Cognitive Behavioral Therapy for Adult Attention Deficit Hyperactivity Disorder

This study has been completed.
Sponsor:
Collaborator:
Information provided by (Responsible Party):
Steven A. Safren, Massachusetts General Hospital
ClinicalTrials.gov Identifier:
NCT00050050
First received: November 20, 2002
Last updated: May 23, 2014
Last verified: May 2014
  Purpose

This study will determine the effectiveness of cognitive behavioral therapy (CBT) in treating the symptoms of attention deficit hyperactivity disorder (ADHD) in adults who have not responded to drug treatment.

Study hypothesis: CBT is an effective treatment for adult ADHD.


Condition Intervention Phase
Attention Deficit Disorder With Hyperactivity
Behavioral: Cognitive behavioral therapy
Drug: Drug therapy
Phase 1

Study Type: Interventional
Study Design: Allocation: Randomized
Endpoint Classification: Efficacy Study
Intervention Model: Parallel Assignment
Masking: Open Label
Primary Purpose: Treatment
Official Title: CBT for Residual ADHD Symptoms in Adults

Resource links provided by NLM:


Further study details as provided by Massachusetts General Hospital:

Primary Outcome Measures:
  • ADHD symptoms

Enrollment: 40
Study Start Date: September 2001
Study Completion Date: August 2003
Primary Completion Date: August 2003 (Final data collection date for primary outcome measure)
Detailed Description:

ADHD, previously believed to be a disorder of childhood, affects as many as 5 percent of adults. Adults with ADHD are at high risk for academic and occupational underachievement, relationship difficulties, and reduced quality of life. This study will determine whether CBT is more effective than drug therapy in treating ADHD symptoms in adults who have been resistant to previous drug therapies.

Participants will be randomly assigned to receive 12 to 15 weekly sessions of either CBT or drug therapy which may include new or previously taken drugs. Questionnaires will be used to assess participants' ADHD symptoms at study start and at study completion.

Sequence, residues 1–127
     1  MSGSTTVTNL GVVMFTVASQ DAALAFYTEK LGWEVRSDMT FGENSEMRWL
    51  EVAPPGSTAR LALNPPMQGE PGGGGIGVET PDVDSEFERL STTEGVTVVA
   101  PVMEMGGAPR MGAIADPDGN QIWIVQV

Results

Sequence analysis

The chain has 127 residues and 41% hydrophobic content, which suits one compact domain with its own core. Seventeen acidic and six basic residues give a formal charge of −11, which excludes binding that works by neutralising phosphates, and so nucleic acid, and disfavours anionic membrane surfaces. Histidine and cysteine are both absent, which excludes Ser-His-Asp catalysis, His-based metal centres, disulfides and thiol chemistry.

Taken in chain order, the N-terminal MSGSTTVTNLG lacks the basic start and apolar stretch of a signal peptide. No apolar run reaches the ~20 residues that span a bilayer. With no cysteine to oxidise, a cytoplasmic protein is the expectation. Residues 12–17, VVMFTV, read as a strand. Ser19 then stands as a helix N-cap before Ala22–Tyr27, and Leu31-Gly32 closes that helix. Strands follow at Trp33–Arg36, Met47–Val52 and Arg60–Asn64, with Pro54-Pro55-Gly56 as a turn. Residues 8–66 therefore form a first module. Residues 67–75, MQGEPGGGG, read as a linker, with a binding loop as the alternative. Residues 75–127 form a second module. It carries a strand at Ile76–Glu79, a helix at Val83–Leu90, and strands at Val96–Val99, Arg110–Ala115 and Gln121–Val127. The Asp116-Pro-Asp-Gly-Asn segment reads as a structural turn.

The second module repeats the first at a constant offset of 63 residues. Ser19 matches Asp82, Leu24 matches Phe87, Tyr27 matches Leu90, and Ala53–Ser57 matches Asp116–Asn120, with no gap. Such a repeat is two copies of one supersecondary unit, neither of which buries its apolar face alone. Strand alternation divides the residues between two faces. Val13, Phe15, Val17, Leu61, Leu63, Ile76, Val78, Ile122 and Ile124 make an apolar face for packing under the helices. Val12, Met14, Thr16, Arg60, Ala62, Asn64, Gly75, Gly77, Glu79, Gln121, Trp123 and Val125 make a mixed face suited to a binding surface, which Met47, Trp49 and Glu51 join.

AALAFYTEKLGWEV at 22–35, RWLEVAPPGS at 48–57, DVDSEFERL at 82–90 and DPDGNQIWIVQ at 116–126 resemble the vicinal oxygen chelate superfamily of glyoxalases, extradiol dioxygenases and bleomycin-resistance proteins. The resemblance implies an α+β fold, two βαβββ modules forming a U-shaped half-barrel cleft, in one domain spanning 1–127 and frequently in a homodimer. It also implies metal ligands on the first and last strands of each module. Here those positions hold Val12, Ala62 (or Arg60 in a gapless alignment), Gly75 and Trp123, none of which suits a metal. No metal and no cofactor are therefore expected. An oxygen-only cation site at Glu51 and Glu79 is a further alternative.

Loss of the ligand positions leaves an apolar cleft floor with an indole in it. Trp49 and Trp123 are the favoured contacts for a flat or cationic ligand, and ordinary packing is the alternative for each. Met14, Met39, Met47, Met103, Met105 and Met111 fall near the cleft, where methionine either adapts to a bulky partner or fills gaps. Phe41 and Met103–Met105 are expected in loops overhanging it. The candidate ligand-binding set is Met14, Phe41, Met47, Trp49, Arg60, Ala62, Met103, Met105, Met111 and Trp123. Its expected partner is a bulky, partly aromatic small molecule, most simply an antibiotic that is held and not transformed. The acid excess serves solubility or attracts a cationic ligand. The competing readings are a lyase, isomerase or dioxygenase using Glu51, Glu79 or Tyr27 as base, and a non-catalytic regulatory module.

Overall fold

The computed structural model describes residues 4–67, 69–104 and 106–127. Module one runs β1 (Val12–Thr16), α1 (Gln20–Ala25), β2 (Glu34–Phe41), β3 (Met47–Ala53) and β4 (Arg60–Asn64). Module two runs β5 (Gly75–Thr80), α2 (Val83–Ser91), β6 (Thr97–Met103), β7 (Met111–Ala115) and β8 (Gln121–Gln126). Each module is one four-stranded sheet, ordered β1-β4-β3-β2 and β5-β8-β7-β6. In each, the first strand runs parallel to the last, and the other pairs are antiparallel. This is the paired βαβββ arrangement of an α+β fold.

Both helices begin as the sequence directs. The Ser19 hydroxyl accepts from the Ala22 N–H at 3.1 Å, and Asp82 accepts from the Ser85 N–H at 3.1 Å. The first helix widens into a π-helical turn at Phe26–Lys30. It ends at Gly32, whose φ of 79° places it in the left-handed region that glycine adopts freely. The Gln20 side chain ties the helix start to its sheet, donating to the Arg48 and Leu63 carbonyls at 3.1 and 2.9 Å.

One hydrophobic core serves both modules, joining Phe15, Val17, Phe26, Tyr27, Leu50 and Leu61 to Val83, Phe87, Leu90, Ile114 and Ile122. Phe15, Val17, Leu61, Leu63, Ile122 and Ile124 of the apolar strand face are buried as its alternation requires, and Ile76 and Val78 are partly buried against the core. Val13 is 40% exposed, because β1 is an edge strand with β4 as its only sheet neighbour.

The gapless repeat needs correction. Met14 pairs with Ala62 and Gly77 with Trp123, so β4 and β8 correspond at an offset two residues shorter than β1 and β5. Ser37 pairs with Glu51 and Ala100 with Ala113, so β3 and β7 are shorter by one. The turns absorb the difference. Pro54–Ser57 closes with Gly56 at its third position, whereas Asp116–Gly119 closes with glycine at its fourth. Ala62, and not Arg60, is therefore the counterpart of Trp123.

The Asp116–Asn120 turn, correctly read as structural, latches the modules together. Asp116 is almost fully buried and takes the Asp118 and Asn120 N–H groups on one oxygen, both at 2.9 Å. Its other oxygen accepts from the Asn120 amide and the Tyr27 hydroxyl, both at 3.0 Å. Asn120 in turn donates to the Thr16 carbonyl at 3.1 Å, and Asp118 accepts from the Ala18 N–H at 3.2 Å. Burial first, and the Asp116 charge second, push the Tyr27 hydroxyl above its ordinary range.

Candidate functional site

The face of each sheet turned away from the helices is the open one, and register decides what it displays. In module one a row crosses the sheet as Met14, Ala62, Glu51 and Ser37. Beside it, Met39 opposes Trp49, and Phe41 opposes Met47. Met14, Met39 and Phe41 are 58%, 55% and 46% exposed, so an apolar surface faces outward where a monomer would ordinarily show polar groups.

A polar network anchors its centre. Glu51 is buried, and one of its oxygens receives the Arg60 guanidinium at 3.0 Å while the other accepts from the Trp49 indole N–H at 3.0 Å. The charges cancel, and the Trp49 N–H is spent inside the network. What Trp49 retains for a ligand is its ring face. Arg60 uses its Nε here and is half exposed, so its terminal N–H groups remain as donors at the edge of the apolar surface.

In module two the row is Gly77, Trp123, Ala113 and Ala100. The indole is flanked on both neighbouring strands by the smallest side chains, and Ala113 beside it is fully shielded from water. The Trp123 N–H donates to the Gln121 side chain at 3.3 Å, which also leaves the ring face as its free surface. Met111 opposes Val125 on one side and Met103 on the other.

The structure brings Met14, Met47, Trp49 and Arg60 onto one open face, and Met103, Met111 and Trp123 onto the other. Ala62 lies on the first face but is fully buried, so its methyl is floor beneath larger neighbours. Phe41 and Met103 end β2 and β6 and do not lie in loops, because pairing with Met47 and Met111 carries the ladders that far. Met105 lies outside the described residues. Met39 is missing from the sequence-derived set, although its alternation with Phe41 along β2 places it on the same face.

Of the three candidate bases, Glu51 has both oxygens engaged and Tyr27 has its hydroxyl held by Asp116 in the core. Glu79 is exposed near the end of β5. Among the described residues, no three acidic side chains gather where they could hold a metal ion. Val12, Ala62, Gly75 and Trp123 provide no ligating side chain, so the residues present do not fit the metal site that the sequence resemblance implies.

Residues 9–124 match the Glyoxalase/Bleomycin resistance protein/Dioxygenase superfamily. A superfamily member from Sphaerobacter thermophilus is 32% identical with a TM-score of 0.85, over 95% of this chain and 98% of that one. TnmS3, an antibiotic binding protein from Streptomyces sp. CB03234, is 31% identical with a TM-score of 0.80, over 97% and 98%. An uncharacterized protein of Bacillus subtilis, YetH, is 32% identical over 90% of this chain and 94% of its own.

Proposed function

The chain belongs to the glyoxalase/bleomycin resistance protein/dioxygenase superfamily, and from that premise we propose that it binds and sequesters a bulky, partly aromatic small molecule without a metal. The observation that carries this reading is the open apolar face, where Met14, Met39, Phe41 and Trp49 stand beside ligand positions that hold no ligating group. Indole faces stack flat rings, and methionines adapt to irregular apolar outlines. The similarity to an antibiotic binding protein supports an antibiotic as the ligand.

Eligibility

Ages Eligible for Study:   18 Years to 65 Years
Genders Eligible for Study:   Both
Accepts Healthy Volunteers:   No
Criteria

Inclusion Criteria:

  • Adult ADHD of at least moderate severity
  • On current drug therapy for ADHD

Exclusion Criteria:

  • Depression, panic disorder, bipolar disorder, organic mental disorders, psychotic disorders, or pervasive developmental disorders
  • Current substance abuse or dependence
  • IQ less than 90
  • Suicide risk
  • History of cognitive behavioral therapy
  Contacts and Locations
Choosing to participate in a study is an important personal decision. Talk with your doctor and family members or friends about deciding to join a study. To learn more about this study, you or your doctor may contact the study research staff using the Contacts provided below. For general information, see Learn About Clinical Studies.

Please refer to this study by its ClinicalTrials.gov identifier: NCT00050050

Locations
United States, Massachusetts
Massachusetts General Hospital
Boston, Massachusetts, United States, 02114
Sponsors and Collaborators
Massachusetts General Hospital
Investigators
Principal Investigator: Steven A. Safren, PhD Massachusetts General Hospital
  More Information

No publications provided

Responsible Party: Steven A. Safren, Director Behavioral Medicine, Massachusetts General Hospital
ClinicalTrials.gov Identifier: NCT00050050     History of Changes
Other Study ID Numbers: R03 MH60940, R03MH060940, DSIR AT-AS
Study First Received: November 20, 2002
Last Updated: May 23, 2014
Health Authority: United States: Federal Government

Keywords provided by Massachusetts General Hospital:
Adult
ADHD
ADD

Additional relevant MeSH terms:
Attention Deficit Disorder with Hyperactivity
Hyperkinesis
Disease
Attention Deficit and Disruptive Behavior Disorders
Mental Disorders Diagnosed in Childhood
Mental Disorders
Dyskinesias
Neurologic Manifestations
Nervous System Diseases
Signs and Symptoms
Pathologic Processes

ClinicalTrials.gov processed this record on September 22, 2014